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The Fabrication of Stainless Steel-Uranium Dioxide Fuel Elements

Description: Abstract: "Stainless steel-clad fuel sheet 0.020 in. thick with a 0.008-in. core of stainless steel plus UO2 was produced by roll cladding a powder metal compact. The effects of processing variables, core-matrix composition, quantity of oxide, and oxide particle size on the properties of the sheet were investigated. The strength and ductility of the core decreased sharply as the quantity of oxide in the core increased from 20 to 40 w/o. Over the range of matrix compositions investigated the particle size of the oxide had little affect on the core strength. In cores containing 21 w/o of oxide. 18 w/o chromium, 82 w/o iron matrix prepared from the elemental metal powders had the highest strength and ductility, but this matrix was susceptible to cracking during thermal cycling. As elemental 18 w/o chromium, 9 w/o nickel, 73 w/o iron matrix was the most satisfactory from the standpoint of fabrication and over-all characteristics of the resulting sheet."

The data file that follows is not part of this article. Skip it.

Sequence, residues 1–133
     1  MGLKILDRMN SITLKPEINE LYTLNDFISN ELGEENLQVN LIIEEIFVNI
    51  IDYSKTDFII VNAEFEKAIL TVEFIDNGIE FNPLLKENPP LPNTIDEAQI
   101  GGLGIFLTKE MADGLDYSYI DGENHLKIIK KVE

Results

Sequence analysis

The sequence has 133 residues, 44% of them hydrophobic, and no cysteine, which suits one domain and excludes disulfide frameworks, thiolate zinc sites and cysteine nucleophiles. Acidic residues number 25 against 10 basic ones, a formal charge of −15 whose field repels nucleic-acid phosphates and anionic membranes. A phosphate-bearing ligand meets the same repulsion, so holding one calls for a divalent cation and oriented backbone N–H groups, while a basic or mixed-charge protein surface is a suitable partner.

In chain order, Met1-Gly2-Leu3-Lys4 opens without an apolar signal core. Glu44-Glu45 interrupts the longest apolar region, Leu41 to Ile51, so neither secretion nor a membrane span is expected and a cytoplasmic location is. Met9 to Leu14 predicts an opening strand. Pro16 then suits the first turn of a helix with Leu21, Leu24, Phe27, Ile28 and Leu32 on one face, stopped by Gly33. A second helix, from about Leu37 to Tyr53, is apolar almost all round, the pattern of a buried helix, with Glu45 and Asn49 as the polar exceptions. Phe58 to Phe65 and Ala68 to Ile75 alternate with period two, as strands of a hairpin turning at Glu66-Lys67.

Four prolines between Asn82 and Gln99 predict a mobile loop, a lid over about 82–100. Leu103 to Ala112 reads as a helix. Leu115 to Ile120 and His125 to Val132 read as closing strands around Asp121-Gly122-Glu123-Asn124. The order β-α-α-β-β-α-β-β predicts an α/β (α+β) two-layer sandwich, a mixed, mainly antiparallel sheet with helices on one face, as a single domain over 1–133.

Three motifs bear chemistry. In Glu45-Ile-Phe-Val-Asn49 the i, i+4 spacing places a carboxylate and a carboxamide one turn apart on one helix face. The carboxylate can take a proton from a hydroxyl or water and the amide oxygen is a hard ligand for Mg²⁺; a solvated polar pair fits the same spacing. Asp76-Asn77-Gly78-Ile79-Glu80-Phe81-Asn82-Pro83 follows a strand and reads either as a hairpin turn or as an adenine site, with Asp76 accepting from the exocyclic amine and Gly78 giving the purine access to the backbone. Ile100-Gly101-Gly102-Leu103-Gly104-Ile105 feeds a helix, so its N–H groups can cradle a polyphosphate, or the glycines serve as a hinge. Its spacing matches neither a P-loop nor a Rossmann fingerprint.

Date: March 2, 1954
Creator: Keeler, J. R.; Keller, D. L. & Cuddy, L. J.

Extrusion Cladding of Fuel Element

Description: From introduction: "This investigation was undertaken with the general objective of determining whether uranium core could be sheathed with aluminum by an extrusion-cladding process. The ultimate objective of this work was to determine the feasibility of extrusion cladding flat plates of uranium."
Date: March 22, 1955
Creator: Slunder, C. J.; Fiorentino, R. J. & Hall, A. M.

Electrodeposition of Aluminum on Uranium

Description: Abstract: "Aluminum electroplating was studied in a search for new methods of cladding uranium fuel elements. Uranium electroclad with 12 mils of aluminum over a 0.5-mil (or nickel plus copper) electroplate resisted corrosion for more than 100 hr in boiling water. This quality of protection was effected by hot pressing the electroclad uranium with 5.1 tons per sq in. for 5 min at 950 F. The electroclad uranium with hot-pressed samples paralleled those of later experiments with hot-pressed wrought aluminum claddings on uranium. In both cases, the uranium was electroplated with thin (0.5 mil) layers of metals to prevent aluminum-uranium diffusion, to aid bonding, and to assist in corrosion protection. This aluminum electroplating study helped to define the importance of the intermediate coating between the aluminum and the uranium, the effect of good bonds between the various layers, and the effects of hot pressing in protecting uranium with an aluminum cladding."
Date: March 30, 1955
Creator: Beach, John G.; Schickner, William C.; Hopkinson, Dolores. & Faust, Charles L.